What would you say the culture of Hoboken was like when you were growing up?
Oh, marvelous! It was magical! As a little kid running down the street, going up to the waterfront and seeing these huge buildings across the Hudson river and not knowing what they really meant. Years later, you come into this vast idea of what that really is all about. You go through the tunnel to New York City and you have everything at your fingertips, everything from around the globe!
Mind you, back to the early turn of the century, we didn’t have trucking, we didn’t have transportation like we do today. Back in the day, when you needed coffee beans from Brazil, they were imported and they were sent to you by ship. You wanted some of the beautiful silks? They came from India, all shipped on ocean liners. And where did they dock? They docked into Hoboken, New Jersey, not New York City. And there’s a reason for that: the reason those boats came into Hoboken was because we had the Erie Lackawanna train terminal there. So if you had all of these goods coming from around the globe, they would land into Hoboken, and then they had to go into the other 50 states. If they landed into New York City, they would have to put them on a boat to bring them across the river to get on that train. So Hoboken was very key to all of this mercantile exchange. That, in its own history back in the early days, is amazing to me!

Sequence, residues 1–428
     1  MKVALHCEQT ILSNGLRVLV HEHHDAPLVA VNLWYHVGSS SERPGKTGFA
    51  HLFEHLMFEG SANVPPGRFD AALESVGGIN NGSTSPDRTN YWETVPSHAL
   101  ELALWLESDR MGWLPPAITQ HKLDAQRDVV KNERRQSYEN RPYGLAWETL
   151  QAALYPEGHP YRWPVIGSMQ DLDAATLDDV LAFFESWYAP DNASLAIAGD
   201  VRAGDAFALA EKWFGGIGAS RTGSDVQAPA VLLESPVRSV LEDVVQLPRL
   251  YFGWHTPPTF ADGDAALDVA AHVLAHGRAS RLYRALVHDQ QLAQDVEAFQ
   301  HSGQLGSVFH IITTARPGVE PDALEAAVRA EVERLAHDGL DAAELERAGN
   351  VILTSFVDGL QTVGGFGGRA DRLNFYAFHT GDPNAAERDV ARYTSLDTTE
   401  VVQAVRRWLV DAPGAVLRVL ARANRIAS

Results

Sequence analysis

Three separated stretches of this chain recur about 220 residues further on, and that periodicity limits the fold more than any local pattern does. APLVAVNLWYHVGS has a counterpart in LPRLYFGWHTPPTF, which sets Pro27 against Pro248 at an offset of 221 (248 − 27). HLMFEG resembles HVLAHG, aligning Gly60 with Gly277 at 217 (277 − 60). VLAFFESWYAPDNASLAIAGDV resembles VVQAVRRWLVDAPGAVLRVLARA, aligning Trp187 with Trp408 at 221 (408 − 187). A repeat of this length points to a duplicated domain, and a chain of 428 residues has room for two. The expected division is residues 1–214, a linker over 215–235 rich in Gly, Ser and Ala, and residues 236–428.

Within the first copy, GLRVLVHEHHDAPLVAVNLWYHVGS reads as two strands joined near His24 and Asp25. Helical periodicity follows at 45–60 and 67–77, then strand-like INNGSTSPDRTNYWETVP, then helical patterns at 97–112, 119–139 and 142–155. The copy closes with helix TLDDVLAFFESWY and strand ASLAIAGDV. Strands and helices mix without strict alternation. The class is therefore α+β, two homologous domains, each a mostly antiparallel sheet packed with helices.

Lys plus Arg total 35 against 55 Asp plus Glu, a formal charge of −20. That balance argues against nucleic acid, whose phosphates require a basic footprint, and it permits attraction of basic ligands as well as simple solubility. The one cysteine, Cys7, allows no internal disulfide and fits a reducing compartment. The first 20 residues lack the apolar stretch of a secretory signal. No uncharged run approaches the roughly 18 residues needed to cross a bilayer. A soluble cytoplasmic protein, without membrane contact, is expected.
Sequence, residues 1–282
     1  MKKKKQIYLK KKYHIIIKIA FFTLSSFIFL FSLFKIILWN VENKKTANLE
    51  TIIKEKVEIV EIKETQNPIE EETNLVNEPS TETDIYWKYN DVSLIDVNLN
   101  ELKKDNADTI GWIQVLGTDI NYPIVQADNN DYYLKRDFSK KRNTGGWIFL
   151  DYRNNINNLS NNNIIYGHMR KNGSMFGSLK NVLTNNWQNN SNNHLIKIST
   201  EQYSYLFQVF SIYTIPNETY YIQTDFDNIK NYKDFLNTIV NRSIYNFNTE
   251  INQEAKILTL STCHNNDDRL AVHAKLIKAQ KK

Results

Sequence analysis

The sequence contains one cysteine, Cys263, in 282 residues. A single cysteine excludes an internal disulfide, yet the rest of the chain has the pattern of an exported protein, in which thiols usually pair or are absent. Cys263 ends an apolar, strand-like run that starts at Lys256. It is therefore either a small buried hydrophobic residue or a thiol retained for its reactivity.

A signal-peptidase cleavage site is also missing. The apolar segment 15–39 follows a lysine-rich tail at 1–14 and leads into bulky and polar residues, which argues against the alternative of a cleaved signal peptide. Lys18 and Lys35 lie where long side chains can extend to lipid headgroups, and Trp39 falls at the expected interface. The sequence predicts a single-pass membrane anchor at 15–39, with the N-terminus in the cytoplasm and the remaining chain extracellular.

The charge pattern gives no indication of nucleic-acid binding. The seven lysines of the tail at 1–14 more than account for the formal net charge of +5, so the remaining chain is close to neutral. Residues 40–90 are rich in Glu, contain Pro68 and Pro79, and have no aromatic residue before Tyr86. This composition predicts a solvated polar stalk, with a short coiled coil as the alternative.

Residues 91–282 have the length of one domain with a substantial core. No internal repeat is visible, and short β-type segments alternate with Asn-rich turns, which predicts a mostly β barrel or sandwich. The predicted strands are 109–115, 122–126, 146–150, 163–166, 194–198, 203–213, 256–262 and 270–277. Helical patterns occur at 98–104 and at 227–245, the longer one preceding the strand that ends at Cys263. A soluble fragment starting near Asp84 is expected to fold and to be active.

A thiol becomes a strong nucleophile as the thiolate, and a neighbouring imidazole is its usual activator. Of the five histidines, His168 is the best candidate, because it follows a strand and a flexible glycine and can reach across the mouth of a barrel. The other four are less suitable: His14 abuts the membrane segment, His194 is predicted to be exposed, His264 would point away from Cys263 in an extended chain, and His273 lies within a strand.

I was a big railroad buff when I was a little kid, I enjoyed seeing the trains coming in and out of the stockyards. It had quite an impact on me. Transportation had quite an impact on me, which is going to be in a later segment of this story. So that’s what it was to be growing up in Hoboken, with that end of it.
The family end of it – we came from families that were very, very tight knit. We had every ethnicity in our town, whether it be Spanish, Puerto Ricans, Yugoslavians, the Jewish background, the Italian background, we had Germans. And that’s where the food came into Hoboken: a lot of these people came from little towns across the globe and opened up their little stores, bringing the most delectable food to this little city. Then it went into the rest of the United States as well. The Holland American Line was a big transportation steamship line at the time. People would be coming and going on luxurious trips in the 30s, 40s and 50s. All of that food had to be prepared somewhere and some of the people who would settle in Hoboken wound up getting jobs on the steamships and creating those delicious foods.